But, yeah, I actually have a shelved novel that’s a Southern Gothic that’s never going to see the light of day. But, never say never. I don’t really have any specific plans to write a novel here, yet, but I feel like it’s almost inevitable at some point. Charleston has such a richness about it, a rich history, and it’s a really great setting to evoke. So, yes, at some point, but no solid plans.
Ryan: "The Forest of Hands and Teeth" never says where it’s set, but in my head it’s the forests of NC because that’s where I grew up hiking. But I left it vague so that anyone could use the forest they see in their head. But "Daughter of Deep Silence," my YA revenge thriller that just came out in May, is set in SC on the coast.
MTV: Do you feel like being from the South flavors your writing even when your books are not set in the South?
Ahdieh: I think absolutely. I love a lot of magical realist writers. Ever since I was a kid, I loved Anne Rice’s Vampire Chronicles and her witch books. I loved those books so much. And I think what I’ve discovered in finding what it is that I love about books, and then in turn what I enjoy writing, is that I love atmospheric work. And there’s something really atmospheric about the Southeast, and I think that bleeds into everything that I do.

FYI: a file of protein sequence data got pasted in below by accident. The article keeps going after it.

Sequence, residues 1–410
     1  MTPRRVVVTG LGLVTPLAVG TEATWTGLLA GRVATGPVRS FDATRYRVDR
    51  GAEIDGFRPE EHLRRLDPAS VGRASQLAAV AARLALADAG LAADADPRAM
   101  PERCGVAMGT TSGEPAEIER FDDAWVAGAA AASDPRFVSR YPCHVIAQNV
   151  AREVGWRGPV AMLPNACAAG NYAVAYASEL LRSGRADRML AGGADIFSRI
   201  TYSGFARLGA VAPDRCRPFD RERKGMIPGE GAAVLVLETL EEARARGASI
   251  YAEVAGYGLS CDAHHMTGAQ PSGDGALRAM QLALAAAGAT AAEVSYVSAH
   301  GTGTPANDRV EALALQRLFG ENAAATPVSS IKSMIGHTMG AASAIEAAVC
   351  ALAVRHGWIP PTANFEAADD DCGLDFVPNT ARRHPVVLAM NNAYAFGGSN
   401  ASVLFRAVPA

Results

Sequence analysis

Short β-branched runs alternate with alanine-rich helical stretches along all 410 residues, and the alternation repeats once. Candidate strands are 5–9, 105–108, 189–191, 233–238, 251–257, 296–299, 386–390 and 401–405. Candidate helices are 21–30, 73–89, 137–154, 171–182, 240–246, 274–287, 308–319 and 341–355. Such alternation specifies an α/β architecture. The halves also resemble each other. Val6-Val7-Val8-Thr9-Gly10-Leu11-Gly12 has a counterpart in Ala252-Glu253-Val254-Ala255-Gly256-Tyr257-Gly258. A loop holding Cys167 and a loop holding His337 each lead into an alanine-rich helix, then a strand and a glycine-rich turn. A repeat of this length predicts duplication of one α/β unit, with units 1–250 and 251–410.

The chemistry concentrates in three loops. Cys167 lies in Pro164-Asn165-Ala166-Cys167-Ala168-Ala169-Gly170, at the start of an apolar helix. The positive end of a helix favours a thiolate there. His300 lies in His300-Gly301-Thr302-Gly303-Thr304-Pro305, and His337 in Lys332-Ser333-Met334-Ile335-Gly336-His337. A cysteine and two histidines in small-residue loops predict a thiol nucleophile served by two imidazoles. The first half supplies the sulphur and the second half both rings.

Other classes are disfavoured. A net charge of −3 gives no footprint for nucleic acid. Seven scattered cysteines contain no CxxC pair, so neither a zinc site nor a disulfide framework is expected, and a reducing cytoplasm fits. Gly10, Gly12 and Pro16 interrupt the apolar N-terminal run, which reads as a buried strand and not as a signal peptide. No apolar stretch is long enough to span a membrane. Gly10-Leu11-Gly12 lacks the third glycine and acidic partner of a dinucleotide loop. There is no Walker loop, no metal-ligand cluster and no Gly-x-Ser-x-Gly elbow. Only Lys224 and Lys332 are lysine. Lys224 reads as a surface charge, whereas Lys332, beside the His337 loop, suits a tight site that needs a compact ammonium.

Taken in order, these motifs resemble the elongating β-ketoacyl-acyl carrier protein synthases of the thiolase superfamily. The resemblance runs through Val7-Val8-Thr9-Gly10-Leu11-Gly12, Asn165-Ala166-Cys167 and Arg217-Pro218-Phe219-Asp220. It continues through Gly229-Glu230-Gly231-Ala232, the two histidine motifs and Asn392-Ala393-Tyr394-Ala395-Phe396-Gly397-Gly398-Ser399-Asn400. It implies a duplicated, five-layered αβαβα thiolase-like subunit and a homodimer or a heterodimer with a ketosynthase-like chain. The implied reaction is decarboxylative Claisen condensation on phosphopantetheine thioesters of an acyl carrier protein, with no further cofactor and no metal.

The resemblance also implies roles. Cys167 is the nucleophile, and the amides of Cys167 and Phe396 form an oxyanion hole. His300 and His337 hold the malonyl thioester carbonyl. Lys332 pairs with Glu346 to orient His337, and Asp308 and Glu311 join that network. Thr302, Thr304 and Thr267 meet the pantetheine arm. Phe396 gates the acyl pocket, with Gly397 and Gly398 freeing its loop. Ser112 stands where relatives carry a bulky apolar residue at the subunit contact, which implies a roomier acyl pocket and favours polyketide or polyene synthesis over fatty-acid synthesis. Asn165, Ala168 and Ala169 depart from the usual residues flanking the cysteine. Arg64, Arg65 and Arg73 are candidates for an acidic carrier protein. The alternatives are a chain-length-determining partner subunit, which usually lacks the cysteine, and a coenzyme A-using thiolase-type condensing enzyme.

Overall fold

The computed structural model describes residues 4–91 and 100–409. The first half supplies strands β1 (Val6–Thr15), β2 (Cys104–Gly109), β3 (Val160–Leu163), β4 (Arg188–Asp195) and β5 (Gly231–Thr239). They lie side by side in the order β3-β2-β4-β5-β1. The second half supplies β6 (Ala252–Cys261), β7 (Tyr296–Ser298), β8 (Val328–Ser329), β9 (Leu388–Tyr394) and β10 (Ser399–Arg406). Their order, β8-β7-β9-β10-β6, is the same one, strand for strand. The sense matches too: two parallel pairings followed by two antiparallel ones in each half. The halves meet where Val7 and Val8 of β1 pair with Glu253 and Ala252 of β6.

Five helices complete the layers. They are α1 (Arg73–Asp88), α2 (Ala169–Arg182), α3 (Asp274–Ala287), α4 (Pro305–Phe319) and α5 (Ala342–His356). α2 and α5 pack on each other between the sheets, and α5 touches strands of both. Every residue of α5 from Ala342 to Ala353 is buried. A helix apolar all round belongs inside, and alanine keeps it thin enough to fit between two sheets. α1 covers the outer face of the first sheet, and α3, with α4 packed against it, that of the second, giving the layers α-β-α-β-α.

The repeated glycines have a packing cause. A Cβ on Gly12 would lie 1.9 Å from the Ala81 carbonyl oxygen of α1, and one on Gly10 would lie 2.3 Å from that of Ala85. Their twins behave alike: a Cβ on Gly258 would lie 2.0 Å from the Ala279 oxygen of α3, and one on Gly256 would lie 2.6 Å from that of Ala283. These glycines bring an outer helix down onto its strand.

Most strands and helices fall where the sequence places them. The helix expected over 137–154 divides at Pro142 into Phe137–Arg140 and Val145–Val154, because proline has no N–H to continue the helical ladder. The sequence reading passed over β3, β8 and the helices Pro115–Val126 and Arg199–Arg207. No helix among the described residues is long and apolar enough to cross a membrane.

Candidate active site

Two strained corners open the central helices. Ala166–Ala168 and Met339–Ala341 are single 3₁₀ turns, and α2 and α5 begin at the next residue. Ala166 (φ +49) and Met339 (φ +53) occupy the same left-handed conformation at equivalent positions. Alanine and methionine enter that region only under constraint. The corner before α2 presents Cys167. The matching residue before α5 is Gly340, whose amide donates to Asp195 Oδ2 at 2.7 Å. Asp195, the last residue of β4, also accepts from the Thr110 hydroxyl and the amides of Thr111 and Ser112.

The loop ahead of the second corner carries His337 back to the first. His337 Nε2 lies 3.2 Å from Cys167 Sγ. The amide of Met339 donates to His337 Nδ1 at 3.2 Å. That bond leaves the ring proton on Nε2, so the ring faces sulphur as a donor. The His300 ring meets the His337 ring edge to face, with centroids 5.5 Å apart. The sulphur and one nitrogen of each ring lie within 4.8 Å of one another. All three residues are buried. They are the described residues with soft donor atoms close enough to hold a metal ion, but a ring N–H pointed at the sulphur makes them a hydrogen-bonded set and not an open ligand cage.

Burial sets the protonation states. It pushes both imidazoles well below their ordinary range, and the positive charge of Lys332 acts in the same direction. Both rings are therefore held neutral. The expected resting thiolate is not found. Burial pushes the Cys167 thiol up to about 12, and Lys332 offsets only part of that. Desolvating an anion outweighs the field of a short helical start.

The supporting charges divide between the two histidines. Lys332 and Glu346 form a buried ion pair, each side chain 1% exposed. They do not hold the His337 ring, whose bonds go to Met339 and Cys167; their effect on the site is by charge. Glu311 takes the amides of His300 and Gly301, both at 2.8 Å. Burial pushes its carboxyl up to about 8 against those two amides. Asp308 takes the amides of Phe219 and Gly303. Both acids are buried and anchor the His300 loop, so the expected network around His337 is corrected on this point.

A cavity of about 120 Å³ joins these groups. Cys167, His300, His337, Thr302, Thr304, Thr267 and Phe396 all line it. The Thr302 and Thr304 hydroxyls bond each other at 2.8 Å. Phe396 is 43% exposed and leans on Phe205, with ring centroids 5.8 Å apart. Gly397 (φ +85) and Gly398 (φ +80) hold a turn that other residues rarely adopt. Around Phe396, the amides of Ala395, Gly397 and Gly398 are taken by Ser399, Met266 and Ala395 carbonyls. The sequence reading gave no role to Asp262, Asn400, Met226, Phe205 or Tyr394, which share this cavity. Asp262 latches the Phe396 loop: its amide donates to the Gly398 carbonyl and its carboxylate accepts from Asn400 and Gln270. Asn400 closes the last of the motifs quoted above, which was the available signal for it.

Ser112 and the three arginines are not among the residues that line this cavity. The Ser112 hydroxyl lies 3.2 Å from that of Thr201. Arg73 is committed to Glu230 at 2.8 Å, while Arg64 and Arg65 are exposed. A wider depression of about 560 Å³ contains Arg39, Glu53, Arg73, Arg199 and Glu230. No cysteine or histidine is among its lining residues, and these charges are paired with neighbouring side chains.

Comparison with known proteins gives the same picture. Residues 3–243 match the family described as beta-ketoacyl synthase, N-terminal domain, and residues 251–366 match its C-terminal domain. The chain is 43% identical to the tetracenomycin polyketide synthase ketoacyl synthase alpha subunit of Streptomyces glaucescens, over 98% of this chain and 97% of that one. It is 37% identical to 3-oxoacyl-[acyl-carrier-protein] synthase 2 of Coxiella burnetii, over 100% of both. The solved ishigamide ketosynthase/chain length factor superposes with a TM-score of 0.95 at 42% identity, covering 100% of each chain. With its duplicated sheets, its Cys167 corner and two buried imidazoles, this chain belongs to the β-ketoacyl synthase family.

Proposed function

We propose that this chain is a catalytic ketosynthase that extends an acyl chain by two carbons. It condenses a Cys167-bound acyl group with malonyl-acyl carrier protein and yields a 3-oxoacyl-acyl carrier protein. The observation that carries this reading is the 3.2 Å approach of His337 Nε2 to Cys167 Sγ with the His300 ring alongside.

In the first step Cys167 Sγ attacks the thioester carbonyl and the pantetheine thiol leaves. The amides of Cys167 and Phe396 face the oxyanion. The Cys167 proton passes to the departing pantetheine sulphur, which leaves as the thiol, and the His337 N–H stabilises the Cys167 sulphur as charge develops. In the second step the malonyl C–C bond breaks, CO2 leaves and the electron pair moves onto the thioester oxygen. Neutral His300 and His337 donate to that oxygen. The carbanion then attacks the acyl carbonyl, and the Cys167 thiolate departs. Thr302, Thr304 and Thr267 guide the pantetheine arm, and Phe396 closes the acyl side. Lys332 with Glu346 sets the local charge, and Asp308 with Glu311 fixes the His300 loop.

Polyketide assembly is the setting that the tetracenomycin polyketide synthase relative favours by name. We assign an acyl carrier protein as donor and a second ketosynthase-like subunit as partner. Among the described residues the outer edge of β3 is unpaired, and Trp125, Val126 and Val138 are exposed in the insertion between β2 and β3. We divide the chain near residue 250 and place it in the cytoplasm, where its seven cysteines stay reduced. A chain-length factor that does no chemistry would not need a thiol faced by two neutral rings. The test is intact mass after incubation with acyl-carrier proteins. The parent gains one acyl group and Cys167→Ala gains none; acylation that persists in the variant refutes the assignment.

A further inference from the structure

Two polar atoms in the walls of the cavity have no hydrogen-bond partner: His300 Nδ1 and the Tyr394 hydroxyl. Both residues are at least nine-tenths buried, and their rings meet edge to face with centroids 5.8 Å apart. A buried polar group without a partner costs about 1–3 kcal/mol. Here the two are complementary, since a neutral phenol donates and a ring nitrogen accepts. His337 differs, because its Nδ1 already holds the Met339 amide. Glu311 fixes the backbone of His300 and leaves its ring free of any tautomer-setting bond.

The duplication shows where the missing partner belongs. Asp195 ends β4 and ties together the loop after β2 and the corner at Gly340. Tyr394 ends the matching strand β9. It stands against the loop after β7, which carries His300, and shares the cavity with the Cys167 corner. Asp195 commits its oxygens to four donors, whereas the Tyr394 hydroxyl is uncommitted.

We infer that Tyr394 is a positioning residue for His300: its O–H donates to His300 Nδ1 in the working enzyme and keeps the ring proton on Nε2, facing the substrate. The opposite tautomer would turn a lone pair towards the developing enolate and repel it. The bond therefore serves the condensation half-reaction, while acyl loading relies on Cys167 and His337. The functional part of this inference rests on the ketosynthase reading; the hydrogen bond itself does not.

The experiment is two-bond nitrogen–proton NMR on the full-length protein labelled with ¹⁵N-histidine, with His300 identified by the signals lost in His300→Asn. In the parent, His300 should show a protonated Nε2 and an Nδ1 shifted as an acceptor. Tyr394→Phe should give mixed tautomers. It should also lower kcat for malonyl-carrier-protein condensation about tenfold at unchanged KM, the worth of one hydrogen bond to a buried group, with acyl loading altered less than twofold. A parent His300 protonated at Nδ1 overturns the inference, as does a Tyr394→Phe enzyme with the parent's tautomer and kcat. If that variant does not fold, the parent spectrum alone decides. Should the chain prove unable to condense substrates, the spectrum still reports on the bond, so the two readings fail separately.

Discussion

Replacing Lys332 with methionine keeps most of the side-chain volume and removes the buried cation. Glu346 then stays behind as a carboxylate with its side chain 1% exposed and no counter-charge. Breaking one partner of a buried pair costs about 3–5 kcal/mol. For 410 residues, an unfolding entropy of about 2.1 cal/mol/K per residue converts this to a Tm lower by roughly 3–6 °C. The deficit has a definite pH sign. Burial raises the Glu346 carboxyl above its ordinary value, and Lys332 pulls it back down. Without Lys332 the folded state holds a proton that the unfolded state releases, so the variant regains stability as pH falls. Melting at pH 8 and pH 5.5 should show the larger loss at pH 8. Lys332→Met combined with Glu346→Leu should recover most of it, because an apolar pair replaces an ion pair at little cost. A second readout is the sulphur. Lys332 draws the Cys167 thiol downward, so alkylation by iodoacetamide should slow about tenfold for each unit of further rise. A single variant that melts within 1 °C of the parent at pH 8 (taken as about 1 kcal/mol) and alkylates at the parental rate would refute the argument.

Graudin: I talk a lot about food. And it’s not necessarily southern food, but it’s food in general and food-centric culture, which Charleston has quickly become. I think that’s a very Southern thing in general – we really like our food. We gather around the dinner table, we’re a very family-oriented, close-knit community and food is the center of that. Yeah, I love writing about food. But even though I was born and raised here, I don’t particularly feel Southern, and I think that might be because I’ve spent so much time overseas travelling.
Ryan: I don’t think of my writing as being Southern writing. Although the first short story I ever wrote was for a Southern Literature class in high school, and so in my head that was a very Southern story. But I like bringing in parts of it, like the experiences of the South somewhat, but my books are always so removed from the real world, even if they’re set in the real world, they’re still slightly removed that I never think of them as being Southern.
MTV: Do you feel living in the South impacted your journey to publication in any way or does location not make a difference in the Internet age?
Ahdieh: I don’t think it presented any challenges at all. I have an agent who jokes, "I don’t care if you type your book in a cave through Morse code, if it’s a beautiful book, it’s a beautiful book. If I have to have it, I have to have it. I don’t care if you’re ten or ninety. None of these things matter."